As bans on plastic straws proliferate, the business of making reusable straws is booming. But one company that wants to sell collapsible steel straws says the competition to market the straws is leading to a flood of counterfeits.
In April, a company called FinalStraw started a Kickstarter campaign to produce a reusable, collapsible, stainless steel straw that consumers could reuse. The company is hoping that its product will appear on Amazon and other shopping sites in November.
As reported by The Independent, the effort was a quick success, surpassing its goal within 24 hours.
Now, other producers are flooding the market, leaving FinalStraw a step behind.
Emma Cohen, the company’s co-founder, complained about what she called counterfeit straws in an interview with BuzzFeed News. The site reported that straws were being sold online using FinalStraw’s promotional images, and that they were selling for about half of the $20 price from FinalStraw.
“The whole purpose was to reduce waste,” Cohen said, saying the cheap knockoffs created a “bigger waste problem.”
She said that consumers who buy a knockoff straw think they are buying her product and then complain to her about the straw failing to meet expectations.
“People are just genuinely confused,” Cohen said. “Some are angry and upset.”
Plastic straws have become a target of environmentalists. Cities such as San Francisco and Seattle are working to ban them, as are outlets such as Disney and Starbucks, Fox News reported.
As a result, the market for the straws “just sort of exploded,” said Cindy Schiff, the founder of GreenPaxx, a shop that sells adjustable silicone straws, according to Time. “I have people daily emailing me saying that they want my straws, they want my straws … it has been challenging to keep up with everything.”
Business people who want to serve those markets are finding that as soon as they come up with an idea, someone else steals it.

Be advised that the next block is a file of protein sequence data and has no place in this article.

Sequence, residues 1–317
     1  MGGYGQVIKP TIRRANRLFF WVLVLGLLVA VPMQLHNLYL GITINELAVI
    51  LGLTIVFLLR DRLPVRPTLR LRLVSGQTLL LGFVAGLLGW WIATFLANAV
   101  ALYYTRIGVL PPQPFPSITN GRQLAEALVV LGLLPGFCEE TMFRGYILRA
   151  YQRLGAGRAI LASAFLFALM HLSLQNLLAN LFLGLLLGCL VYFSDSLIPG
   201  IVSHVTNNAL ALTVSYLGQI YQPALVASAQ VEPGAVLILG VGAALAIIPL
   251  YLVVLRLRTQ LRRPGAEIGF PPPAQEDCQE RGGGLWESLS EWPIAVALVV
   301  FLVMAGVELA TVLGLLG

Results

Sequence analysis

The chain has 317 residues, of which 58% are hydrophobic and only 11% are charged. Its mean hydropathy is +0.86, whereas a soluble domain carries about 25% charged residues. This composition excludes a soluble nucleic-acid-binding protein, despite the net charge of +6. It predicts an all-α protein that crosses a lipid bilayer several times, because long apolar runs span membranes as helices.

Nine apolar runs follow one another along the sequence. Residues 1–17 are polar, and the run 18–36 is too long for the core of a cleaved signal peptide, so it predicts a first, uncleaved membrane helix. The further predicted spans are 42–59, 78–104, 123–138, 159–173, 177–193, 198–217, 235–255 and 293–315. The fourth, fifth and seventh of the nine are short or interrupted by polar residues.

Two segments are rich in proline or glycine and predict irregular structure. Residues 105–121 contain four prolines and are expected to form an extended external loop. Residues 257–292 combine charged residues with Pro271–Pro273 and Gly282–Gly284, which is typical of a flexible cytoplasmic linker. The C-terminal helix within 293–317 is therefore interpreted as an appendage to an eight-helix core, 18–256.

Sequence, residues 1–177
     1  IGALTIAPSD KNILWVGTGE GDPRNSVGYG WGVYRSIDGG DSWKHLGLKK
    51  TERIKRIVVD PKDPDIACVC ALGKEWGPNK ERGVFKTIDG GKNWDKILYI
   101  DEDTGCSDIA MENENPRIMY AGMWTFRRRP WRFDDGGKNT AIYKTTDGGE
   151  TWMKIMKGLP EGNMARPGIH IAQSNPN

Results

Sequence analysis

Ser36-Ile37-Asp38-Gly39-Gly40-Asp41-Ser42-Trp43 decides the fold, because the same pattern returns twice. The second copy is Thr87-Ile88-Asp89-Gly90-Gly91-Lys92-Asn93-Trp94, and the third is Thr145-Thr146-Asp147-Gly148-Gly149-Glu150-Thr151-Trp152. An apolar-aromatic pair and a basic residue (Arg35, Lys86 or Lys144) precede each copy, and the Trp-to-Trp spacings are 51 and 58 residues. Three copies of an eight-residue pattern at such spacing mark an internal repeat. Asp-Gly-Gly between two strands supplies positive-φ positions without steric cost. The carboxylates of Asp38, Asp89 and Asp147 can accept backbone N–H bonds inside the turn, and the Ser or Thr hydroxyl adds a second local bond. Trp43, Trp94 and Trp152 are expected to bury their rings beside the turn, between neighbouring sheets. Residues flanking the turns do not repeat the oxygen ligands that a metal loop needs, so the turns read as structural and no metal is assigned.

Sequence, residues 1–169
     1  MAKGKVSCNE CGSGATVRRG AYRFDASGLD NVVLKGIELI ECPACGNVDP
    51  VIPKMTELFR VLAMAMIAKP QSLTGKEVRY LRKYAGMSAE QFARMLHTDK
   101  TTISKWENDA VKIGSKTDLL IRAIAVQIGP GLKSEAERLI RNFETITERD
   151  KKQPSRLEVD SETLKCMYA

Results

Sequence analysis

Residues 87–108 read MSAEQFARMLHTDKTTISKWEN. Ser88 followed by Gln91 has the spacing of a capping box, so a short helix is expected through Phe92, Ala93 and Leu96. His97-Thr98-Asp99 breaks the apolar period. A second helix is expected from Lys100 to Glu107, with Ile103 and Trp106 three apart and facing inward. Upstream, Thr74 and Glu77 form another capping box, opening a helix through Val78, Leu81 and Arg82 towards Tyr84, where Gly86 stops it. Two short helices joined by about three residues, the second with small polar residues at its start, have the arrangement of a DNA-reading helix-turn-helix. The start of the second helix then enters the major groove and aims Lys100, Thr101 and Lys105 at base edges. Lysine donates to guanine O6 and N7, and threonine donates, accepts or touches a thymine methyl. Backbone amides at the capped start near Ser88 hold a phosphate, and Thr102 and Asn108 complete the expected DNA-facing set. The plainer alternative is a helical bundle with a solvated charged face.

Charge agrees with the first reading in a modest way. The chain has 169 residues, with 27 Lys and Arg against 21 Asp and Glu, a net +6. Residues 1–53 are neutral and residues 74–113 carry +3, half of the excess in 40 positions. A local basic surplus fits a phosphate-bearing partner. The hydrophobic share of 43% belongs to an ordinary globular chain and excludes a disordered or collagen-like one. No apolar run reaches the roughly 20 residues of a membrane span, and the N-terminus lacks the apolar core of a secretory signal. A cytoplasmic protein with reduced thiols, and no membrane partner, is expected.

“I’ve spent a good amount of profit on lawyers’ fees,” said Schiff, who said she holds a patent on her design. “It’s exciting that people are on board, but it’s disheartening that people are copycatting.”
The global market means worldwide opportunities for copycatting. A search of the internet, for example, turns up competition from “The Final Straw,” a Singapore-based company selling reusable straws.
In a marketplace awash with knockoffs, consumers are urged to be careful with what they buy, David Abbate of Homeland Security Investigations told WCTV.
“It’s coming in. It’s usually coming from China and it may or may not be what the consumer thinks it is. And if you’re ingesting something that you don’t know what it is or against doctors’ orders, it could be very harmful,” Abbate said.
“The biggest and basic issue is if it looks too good to be true, it probably is,” he added.
Although FinalStraw offers metal as the solution, others think that the old standby of a paper straw is better, Time reported.
Although it might seem that the plastic straw has met its end, Keith Christman, managing director for plastic markets for the American Chemistry Council, said the industry will not give up without a fight, according to National Geographic.
“What we really need is good waste management structure in countries that are the largest source of this challenge,” he said. “Rapidly developing countries in Asia don’t have that structure.”
Christman also warned of “unintended consequences,” saying that by changing consumer behavior, a law intended to protect the environment could lead to a different form of trashing the planet.
As one commentator noted, it was consumer behavior that triggered the explosion of plastic straw use.
“Ten years ago, straws weren’t everywhere. It used to be at a bar, you’d get a straw. Now you order a damn glass of ice water and they put a straw in it,” said Douglas Woodring, founder of the Ocean Recovery Alliance, a Hong Kong-based group trying to reduce ocean trash. “Part of it, I suspect, came from people’s fear of germs.”
“All of a sudden, straws propagated. Then consumers took them for granted that they had to have their straw, even though most don’t need it.”
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